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Public Diplomacy Can Address Israel’s Crisis of Credibility Among U.S. Millenials

 

American millenials are increasingly viewing Israel negatively despite the strong relationship between the two countries. Public diplomacy by the Israeli government is demonstrably insufficient and Israel must respond to criticisms from the world community instead of withdrawing and facing inwards. To respond to the increasingly negative views of Israel among American millenials, the Israeli government should acknowledge Israeli crimes and changing Israeli policy towards Palestinians and Arabs, expand the Hasbara program, and expand the Taglit program.

Only by using public diplomacy to directly address the people most disturbed by these conflicts and the horrific human rights abuses of the Israeli government can we have an open conversation with them – and that is the only way Israel can expect to change the narrative of s

Israel Map

Image courtesy of the State Department website on Israel

ettlements and apartheid.

From March 26 to March 28, 2017, 18,000 Zionists flocked to D.C. to hear speakers such as Nikki Haley and Mike Pence attend informational panels, discussions, and presentations, and connect with people from around the country at the American Israel Public Affairs Committee (AIPAC) Policy Conference.

However, it wasn’t the event itself that was widely publicized on campus and social media. Outside of the AIPAC conference, organizations such as IfNotNow and Jewish Resistance protested the Israeli government’s coziness with the Trump administration and its silence on the issue of settlements. According to Pew Research Center, 43% of millenials support Israel while 27% support Palestine, compared to previous generations, which support Israel by more than a three-to-one margin.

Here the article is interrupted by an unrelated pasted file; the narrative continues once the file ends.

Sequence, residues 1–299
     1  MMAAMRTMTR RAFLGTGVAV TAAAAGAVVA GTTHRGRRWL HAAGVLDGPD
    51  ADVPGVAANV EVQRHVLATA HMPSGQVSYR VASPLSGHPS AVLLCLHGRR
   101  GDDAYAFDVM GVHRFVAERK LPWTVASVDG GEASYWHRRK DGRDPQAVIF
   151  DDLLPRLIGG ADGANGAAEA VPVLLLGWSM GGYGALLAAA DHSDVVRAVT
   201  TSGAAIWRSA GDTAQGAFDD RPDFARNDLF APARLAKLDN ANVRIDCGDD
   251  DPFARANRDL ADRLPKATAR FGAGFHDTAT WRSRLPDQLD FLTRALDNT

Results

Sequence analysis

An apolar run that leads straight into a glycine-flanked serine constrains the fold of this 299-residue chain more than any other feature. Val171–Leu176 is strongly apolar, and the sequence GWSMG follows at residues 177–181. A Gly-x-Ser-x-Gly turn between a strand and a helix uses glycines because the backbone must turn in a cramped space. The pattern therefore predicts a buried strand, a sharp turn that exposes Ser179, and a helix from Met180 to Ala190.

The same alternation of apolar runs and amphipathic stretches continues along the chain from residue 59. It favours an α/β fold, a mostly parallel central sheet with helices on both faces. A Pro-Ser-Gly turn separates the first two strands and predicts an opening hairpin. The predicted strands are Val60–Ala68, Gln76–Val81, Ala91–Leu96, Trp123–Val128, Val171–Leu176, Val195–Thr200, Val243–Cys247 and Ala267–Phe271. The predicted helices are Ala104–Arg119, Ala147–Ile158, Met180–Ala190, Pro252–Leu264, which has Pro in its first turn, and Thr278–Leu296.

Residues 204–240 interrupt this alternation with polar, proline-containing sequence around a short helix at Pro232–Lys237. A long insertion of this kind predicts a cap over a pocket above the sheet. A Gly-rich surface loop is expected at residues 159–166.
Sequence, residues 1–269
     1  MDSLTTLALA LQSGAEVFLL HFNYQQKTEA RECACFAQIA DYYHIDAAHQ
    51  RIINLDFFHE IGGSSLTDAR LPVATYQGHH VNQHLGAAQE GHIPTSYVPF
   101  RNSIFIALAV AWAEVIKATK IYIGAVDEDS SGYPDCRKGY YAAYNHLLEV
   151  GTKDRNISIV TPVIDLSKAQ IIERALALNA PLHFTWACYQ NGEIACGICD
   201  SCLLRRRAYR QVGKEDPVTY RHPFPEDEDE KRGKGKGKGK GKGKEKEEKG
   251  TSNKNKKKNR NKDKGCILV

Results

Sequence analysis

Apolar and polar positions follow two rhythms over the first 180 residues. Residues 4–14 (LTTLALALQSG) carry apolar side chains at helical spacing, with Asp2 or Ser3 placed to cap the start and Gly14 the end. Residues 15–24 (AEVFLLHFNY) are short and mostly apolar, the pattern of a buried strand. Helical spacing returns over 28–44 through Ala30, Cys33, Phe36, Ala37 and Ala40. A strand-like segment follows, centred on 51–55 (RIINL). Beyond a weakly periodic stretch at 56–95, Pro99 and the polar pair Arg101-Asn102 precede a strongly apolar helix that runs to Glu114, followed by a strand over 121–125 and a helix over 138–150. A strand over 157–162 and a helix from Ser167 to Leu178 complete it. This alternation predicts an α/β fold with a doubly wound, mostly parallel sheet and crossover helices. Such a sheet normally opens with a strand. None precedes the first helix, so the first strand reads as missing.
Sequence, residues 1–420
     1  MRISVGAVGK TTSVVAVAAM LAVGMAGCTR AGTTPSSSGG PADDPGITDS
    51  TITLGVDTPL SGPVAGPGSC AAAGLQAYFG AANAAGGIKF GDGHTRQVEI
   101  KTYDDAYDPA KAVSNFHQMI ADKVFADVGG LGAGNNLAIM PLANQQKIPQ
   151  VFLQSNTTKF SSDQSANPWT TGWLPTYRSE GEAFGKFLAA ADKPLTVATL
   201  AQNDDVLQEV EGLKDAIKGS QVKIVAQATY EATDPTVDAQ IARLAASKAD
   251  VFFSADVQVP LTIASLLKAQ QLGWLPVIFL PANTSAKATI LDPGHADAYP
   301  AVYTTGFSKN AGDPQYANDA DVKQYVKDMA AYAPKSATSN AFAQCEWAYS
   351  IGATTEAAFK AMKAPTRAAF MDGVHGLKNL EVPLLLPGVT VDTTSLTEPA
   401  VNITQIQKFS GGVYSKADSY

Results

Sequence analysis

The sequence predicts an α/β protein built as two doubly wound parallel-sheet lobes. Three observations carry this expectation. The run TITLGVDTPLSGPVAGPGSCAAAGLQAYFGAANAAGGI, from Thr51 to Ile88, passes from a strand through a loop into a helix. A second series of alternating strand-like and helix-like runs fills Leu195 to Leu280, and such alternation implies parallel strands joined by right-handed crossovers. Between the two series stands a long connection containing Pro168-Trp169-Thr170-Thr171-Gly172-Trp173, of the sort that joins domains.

These numbers are a shocking departure from decades of consensus on Israel in foreign policy circles, but they mirror a larger global trend. A 2013 BBC Poll found that Israel was one of the most negatively viewed countries among global publics, beating out only North Korea, Pakistan, and Iran. Although often lampooned in media like The O’Reilly Factor, today’s young people will influence the future and are now the largest generation in America after overtaking Baby Boomers.

According to Gallup, there is an 18-point gap between older and younger Americans on Israel. This has been highly visible in increased progressive and youth activism during and after the 2016 election. This has increased the support of the BDS movement on college campuses. Other movements such as Black Lives Matter and the Women’s March highlight the Palestinian cause as an intersectional issue and an extension of their fight for justice. 2016 Democratic Presidential candidate Sen. Bernie Sanders (I-VT), the first Jewish American to win a U.S. presidential primary and the most popular politician among young people, questioned the bipartisan consensus on the Middle East by calling for a more even-handed role for the U.S. and less military aid to Israel. Although several other factors such as increasing foreign policy political polarization and anti-Semitism absolutely play a role, the most important reason Israel is now viewed negatively by a loud 27% of millennials are the policies the Israeli government has pursued and the reaction to those policies.